As the old year closed and the new one circled around with more daylight (and a lot more snow here in Wisconsin), I decided to broaden my Zentangle experience. In addition to my usual black ink and graphite on white tiles, I tried brown inks and colored pencils — and the new Zenstone — on the new brown Renaissance tiles. I also experimented with water soluble graphite and colored pencils on regular white tiles. And then, just to mix it up a little, I went back to the old, familiar white tiles with black ink.
Tangles: flux, tipple, tripoli, a hollibaugh variation, sez, lanie, and eye-wa.
First, I used a really dark brown pen on a Renaissance tile. I also used some Prismacolor pencils, and, in the flux tangle along the top, I highlighted the leaves with my new Zenstone, which I love. It adds a light tone (not quite as white as the white Prismacolor pencil which outlines the tripoli triangles, below the flux), and it is remarkably strong. When I hold it, I am aware of its squareness, and it looks translucent, not like it can produce such a nice light effect.
Tangles: copada, crescent moon, borbz, prestwood, and flukes.
Next, I experimented with colored pencil (the blue and green in the copada) and with water-soluble graphite (Derwent Graphitint) that has just a touch of hue for all the other shading.
Tangles: shattuck, betweed, quandary, well, elven, knase, copada, keeko, and an oval pattern I’ve been working on.
On another Renaissance tile, I used the Sakura Pigma Micron lighter brown ink (more of a sienna than their super dark brown, though when I filled in larger areas the ink really got dark). Then the Zenstone and some Prismacolor pencils. Aside from the ink, I haven’t tried any water-based media on these tiles. They are a little more fragile feeling than the white tiles, and felt like they wouldn’t take water well. They really soaked up the ink to the point of getting really dark.
Tangles: opus, striping, krli-qs, warble, nzeppel, borbz, verdigogh, and flux.
For this tile, I used a water-soluble graphite wash as my string, and tangled on top of it with the dark brown ink. It is really close to black. Then I went in with dark brown and white pencils to add shading and highlights.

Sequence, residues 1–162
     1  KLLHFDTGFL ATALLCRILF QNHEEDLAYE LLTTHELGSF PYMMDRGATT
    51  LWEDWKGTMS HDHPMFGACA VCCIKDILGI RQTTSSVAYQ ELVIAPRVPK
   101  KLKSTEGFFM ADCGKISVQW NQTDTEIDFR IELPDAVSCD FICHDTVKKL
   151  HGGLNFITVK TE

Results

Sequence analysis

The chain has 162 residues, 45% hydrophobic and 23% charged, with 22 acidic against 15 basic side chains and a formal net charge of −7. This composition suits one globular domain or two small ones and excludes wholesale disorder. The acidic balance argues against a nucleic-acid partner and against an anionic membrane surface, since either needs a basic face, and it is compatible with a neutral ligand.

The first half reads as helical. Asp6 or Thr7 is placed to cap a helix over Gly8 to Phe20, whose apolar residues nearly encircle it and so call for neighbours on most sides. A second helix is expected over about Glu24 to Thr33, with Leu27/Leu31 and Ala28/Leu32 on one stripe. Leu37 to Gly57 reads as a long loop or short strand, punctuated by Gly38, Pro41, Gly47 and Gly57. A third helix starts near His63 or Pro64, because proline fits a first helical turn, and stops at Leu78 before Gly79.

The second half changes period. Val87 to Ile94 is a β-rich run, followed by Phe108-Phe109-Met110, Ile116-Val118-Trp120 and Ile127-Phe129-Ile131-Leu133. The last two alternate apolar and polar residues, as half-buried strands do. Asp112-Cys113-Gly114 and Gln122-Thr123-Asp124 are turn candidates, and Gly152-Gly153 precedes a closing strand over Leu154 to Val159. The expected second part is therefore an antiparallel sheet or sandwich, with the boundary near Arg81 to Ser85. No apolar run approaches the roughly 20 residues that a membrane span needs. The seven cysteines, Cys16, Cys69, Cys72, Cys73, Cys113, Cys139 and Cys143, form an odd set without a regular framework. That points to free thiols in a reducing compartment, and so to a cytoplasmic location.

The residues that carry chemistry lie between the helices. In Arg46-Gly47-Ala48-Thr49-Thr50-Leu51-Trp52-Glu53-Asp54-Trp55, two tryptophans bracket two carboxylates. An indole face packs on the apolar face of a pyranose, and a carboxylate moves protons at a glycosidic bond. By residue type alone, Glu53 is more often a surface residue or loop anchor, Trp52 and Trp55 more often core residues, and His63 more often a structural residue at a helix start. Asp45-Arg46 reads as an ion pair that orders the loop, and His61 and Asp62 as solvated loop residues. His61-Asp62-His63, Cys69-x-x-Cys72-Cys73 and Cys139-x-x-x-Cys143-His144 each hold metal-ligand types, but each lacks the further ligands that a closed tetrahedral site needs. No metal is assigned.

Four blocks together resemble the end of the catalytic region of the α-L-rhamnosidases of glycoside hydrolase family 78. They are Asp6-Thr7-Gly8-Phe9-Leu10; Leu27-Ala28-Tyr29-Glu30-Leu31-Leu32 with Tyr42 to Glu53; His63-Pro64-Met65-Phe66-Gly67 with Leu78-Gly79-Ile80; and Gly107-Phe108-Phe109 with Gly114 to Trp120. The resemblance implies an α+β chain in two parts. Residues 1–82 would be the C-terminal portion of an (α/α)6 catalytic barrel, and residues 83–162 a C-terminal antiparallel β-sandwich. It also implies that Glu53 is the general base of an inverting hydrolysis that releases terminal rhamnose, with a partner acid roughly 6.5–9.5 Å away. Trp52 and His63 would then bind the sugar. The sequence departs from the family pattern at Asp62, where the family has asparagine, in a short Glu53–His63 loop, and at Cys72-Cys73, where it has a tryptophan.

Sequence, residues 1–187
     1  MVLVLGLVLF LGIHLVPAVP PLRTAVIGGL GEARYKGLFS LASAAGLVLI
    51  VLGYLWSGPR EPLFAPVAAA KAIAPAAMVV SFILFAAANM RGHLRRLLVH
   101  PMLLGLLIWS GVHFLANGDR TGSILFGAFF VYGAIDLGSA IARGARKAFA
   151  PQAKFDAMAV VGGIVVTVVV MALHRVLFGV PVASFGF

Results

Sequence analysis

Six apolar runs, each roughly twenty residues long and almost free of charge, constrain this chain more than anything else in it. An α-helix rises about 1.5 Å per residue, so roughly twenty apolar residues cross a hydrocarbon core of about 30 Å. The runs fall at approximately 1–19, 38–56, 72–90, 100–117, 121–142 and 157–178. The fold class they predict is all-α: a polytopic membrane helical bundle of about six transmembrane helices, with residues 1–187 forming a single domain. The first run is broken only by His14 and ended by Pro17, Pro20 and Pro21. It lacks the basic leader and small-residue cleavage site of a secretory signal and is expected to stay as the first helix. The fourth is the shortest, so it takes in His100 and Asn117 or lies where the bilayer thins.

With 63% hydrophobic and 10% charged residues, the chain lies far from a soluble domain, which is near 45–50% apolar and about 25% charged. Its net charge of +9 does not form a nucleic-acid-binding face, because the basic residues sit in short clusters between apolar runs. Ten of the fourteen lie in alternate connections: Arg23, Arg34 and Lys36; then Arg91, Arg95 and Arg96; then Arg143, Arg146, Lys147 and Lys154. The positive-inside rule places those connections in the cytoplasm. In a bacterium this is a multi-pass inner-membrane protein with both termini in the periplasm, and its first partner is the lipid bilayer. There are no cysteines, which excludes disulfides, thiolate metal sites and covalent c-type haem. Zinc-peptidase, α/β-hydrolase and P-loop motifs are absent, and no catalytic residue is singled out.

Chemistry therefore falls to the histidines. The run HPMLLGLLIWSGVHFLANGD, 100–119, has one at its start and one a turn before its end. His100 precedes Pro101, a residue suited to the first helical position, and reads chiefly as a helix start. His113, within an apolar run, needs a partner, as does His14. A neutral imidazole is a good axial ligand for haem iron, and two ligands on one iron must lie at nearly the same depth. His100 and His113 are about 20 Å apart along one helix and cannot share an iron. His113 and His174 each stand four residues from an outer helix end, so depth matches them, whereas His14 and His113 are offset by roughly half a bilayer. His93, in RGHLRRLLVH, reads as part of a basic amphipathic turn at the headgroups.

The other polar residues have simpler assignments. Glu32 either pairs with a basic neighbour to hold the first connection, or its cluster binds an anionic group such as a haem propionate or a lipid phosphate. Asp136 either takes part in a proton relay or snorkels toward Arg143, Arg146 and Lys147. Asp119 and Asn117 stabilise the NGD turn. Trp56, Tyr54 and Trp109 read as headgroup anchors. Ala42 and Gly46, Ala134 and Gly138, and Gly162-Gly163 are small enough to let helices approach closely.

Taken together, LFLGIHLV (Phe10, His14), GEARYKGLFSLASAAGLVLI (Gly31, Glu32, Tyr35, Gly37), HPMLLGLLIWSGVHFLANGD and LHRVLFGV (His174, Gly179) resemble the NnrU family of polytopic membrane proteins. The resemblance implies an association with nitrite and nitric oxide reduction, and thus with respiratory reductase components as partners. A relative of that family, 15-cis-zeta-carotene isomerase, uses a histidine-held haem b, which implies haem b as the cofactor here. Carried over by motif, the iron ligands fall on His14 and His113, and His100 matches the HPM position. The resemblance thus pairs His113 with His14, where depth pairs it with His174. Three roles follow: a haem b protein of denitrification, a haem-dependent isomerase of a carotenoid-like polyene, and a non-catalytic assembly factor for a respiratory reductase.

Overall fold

Tangles: a variation of well, knase, hibred, meer, shing, striping, festune, and a leafy form like sampson.
Inspired by Margaret Bremner’s houses, I wanted to try some house-like structures, only with a little more abstract quality. Where hers are whimsical and delightful to look at, I wanted mine to be about surface planes. I live on a hill and look down at rooftops. I like how they blend together with the landscape. This tile was still a bit too realistic for me.
Tangles: a variation of florz, dansk, meer, lanie, sanibelle, tipple, nzeppel, and striping.
I returned to the old black-and-white to work on a string made of the forms that suggest the planes of walls and roofs. More abstract; more me.
Tangles: flux, emingle, ynix, knase, tipple, flukes, sez, striping, prestwood, dribbetz, divadance, crescent moon, a variation of chillon, and a variation of bucky.
I added a few more organic elements to the planes and like the results.
Tangles: eye-wa, sand swirls, knightsbridge, warble, sez, and meer.
This one got a lot more flat, and doesn’t suggest landscape as much. It’s more about filling large areas with pattern.
Sometimes a change, or trying something new, doesn’t have to be a big, huge shift. Just a different background, or a dollop of color are all it takes to keep things lively and fresh.